I read online solar news journals every morning while the coffee soaks in. Most of it is grid stuff, but those guys are in it for the money and have the bucks to pay for the research, so I pay attention.
I also paid attention when I lived very closely with my solar power during my 44 days aboard Sun King. What I learned there was that we waste an awful lot of solar potential. I had 1620 watts of panels, which is not a lot when you consider that it provided motive power, lighting, cooking and, most importantly, coffee. However, sitting there all day, arm’s length from the meters, I could see that by 10 or 11 a.m., the batteries were usually topped up and less than half of the solar power was being used to run the motor. The rest went unused.
I mitigated this, somewhat, by changing my load/use strategy. After about the first week, I’d get underway about 5 a.m. to burn off some of the 350 a.h. battery storage I had. That got me further up the river each day, typically around 50 miles and up to 100 miles, and I got to use more of those kilowatts shining down.
At home, I see much the same thing. By the time I get up and out, around noon, the batteries are often topped up or at least in bulk charge. The air conditioning season is beginning to make a seasonal adjustment to the load pattern. The house a/c starts up around 0930 and the man cave a/c in the Solar Shed starts around 10. I encourage my wife to use heavy loads, like the dishwasher (1kw) and cooking (separate solar hybrid, there) during the sunny hours. She baked me a blackberry cobbler this morning! She’s ok.
I honestly don’t know how many kilowatts of solar I have available right now, but I do know that I am not using all of it on a sunny day. I also know that when it is cloudy, I don’t have enough.
So back to the grid guys, that’s where the big money is and they keep coming up with bigger batteries and cool new gear. One battery beginning construction is rated at 100mw for utility backup. That is not mwh, that is mw output. Furthermore, it is rated to run for 150 hours at full output. 6 days at 100 MILLION watts! If you know the math, try calculating the number of John’s Sun 230 batteries you’d need to match that. Furthermore, the new chemistry of that battery uses water and air! Tesla has provided some pretty sporty lithium grid batteries in Australia, too.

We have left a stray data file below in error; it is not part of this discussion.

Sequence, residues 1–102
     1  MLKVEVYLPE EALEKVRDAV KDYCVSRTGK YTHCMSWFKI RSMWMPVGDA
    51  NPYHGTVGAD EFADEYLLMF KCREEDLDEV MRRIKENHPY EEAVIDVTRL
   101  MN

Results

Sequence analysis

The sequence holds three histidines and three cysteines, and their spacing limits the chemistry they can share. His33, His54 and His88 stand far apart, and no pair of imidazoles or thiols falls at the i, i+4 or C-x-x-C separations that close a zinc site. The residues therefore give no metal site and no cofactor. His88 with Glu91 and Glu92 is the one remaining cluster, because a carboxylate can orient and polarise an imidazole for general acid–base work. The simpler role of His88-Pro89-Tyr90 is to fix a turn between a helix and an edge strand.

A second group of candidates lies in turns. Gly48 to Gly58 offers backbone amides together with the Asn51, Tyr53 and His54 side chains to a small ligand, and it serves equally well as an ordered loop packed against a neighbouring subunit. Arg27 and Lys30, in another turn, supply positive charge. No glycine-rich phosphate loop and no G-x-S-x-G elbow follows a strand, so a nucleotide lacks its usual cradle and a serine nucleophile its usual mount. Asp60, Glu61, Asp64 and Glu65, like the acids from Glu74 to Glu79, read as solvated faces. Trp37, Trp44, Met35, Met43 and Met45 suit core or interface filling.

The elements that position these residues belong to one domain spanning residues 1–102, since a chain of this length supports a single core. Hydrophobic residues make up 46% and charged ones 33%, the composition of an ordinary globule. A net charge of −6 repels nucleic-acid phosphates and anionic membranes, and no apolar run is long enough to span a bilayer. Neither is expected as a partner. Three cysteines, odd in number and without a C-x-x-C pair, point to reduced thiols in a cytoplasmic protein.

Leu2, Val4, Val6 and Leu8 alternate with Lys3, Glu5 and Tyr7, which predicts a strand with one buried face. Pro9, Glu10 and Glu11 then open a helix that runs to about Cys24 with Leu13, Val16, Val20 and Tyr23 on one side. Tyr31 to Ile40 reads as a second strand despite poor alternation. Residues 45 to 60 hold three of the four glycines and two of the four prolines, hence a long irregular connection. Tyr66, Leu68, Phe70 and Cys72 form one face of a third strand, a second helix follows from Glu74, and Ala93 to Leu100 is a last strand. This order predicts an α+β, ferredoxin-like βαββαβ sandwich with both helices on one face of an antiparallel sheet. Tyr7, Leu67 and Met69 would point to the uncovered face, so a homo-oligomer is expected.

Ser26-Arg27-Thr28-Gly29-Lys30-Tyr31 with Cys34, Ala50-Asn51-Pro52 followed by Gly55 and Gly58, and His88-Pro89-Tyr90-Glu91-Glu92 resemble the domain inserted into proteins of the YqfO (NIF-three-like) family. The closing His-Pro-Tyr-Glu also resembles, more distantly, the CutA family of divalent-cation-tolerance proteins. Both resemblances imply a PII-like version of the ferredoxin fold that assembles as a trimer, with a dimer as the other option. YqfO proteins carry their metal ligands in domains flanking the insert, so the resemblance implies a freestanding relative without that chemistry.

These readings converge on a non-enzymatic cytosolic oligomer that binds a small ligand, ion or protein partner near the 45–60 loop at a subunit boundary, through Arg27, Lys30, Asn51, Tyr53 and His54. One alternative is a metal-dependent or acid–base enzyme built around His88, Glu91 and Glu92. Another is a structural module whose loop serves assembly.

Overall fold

All of this work is leading up to solar providing more power this year than coal. They can do this because they’ve been building an awful lot of solar AND they have been figuring out how to not waste it and continue using it after the sun goes down.
A new study from Wartsila (I’m sorry, but that name just conjures up an image of the offspring of Godzilla and a warthog) suggests the ultimate setup for the grid is to install 4.3 times the peak load of solar in sunny areas, with 4 to 10 days of storage. That may sound a bit extreme, but a utility can’t compel you to do your heavy power use only during the day, or even to be conservative in your consumption.
In looking at my own system, I have always tried for 4 days backup, though my ever-increasing load makes it closer to a single day if I maintained all loads and the sun didn’t come up. I’ve nearly 800 a.h., now and plan to add another 440 a.h. soon. That’ll give me nearly 60kwh of battery, but, of course, that’s only 30kwh at the usual 50% drawdown limit. I’m sure that won’t satisfy me, either, nor will it meet the Wartsila guidelines.
As far as meeting their guidelines on solar input, my inverter was tripping above 5500, so let’s say my current peak is 6kw. By their formula I should have 26 kw of solar input! Yikes! You guys will have John’s crew really hopping if you all install 26kw of panels! Or more. My best guess is that I have around 13kw actually running. I know I have two strings of around 720 watts each that are not working and maybe that much more up, but not connected pending the construction of the final bay of the Solar Shed. Just sitting in piles I have another 5 or 6 kw of panels that I have not nailed up, yet, but it seems I can get pretty close to their goal when the project is finished. My shortfall can be mitigated by not running street lights and traffic signals all night.
So that leaves batteries. Someday we should see all of this utility battery development trickle down to the solar homeowners. It is already, really, with the drop in lithium prices. At the present time, what I see is the cheapest entry into storage is the Sun Electronics Sun 230. Best bang for the buck, if you have the upfront cash, seems to be the SimpliPhi lithium. They are pricey, but should outlast you. Ask Roberto about them.
How does your system stack up to these new guidelines?